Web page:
Caddick is pictured during the ASIC-AFP raid on her Dover Heights home on November 11
They argue that dirty money was also used for the settlement fee and the interest-only loan repayments.
The court heard the $1.1 million given to their daughter came from the sale of their Connells Point home the following year in 2017.
‘The Edgecliff property was purchased by Ms Caddick before the Connells Point property was sold,’ court-appointed liquidator Bruce Gleeson, from Jones Partners said.
‘Therefore, Ms Caddick’s parents did not contribute to the purchase price for the Edgecliff property.’
Ms Caddick is likely dead after her foot washed up on a Bournda Beach, south of Tathra in in February – about 400km from her Sydney home where she was last seen.
She went missing the day after ASIC fraud investigators descended on her home office in November, 2020.
The Federal Court on Monday declared the mother-of-one (pictured), who vanished on November 12 last year, had provided unlicensed financial advice between 2012 and 2020 under her company Maliver
Ms Caddick is likely dead after her foot (pictured) washed up on a Bournda Beach, south of Tathra in in February – about 400km from her Sydney home where she was last seen
Most of her victims were family and friends who trusted her to invest their money.
‘Instead, (the funds) were used to meet Ms Caddick’s personal expenses and purchase assets in her name,’ Justice Markovic said.
Her unsophisticated but elaborate scam used a bogus CommSec document to claim her investors were making remarkable returns.
In reality the money was never being paid into any investment vehicles with ASIC uncovering she spent the funds buying up luxury clothes, lavish getaways and even forking out thousands on protein shakes.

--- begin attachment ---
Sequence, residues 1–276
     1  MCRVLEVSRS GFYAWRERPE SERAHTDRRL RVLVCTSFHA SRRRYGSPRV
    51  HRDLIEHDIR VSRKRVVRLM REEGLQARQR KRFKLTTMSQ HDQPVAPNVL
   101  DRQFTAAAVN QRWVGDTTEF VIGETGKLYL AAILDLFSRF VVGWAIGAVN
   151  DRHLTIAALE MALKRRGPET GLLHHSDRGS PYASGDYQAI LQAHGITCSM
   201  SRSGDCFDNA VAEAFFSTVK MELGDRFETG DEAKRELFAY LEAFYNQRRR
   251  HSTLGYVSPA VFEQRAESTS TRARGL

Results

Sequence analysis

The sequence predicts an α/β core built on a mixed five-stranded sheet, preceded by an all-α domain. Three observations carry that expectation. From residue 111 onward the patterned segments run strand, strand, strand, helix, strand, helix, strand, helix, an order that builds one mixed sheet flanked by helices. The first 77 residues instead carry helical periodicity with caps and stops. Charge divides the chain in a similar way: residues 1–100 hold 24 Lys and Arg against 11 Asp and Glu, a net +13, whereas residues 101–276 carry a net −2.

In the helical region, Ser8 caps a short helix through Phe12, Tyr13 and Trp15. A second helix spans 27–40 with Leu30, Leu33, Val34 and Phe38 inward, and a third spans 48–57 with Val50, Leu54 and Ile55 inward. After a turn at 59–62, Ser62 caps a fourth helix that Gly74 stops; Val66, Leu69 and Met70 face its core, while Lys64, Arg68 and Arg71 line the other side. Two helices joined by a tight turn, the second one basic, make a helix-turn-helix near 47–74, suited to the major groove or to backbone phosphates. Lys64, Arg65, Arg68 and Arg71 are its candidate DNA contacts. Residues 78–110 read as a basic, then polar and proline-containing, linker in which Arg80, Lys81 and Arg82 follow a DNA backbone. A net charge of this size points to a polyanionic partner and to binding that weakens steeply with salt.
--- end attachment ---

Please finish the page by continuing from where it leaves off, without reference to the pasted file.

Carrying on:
On her American Express card alone, Ms Caddick allegedly spent $229,277 at Dior, $187,000 at Canturi Jewellers, $48,000 at Chanel and $52,548 at Cosmopolitan shoes.
The documents also claimed Ms Caddick splurged on holidays to Fiji, New York and Aspen.
The Ponzi scheme victims Melissa Caddick (pictured with husband Anthony Koletti) may finally get some justice as a judge ruled her multi-million dollar Sydney home and investment firm should be handed over to receivers
WHAT MELISSA CADDICK ALLEGEDLY SPENT MONEY ON
Court documents obtained by Daily Mail Australia break down how Ms Caddick spent her millions.
According to an affidavit by an ASIC investigator, expenses from her American Express account alone from December 2017 to August 2020 include:
$187.650 Canturi Jewels
$52,584 Cosmopolitan Shoes
$39,757.69 Net A Porter
$108.586.45 ‘Flight Centre’
$17,777.23 Louis Vuitton
Based on the liquidators’ report, the court found investors were owed $23,554,921.
That figure is subject to any potential ‘unjust enrichment or uncommercial transaction’ claims related to Ms Caddick paying out returns that were fictitious or possibly inflated.
Maliver, whose sole director was Ms Caddick, traded on another person’s Australian Financial Services Licence and neither the company nor Ms Caddick ever held an AFSL while providing a financial service, the judge found.
That breached the corporations act.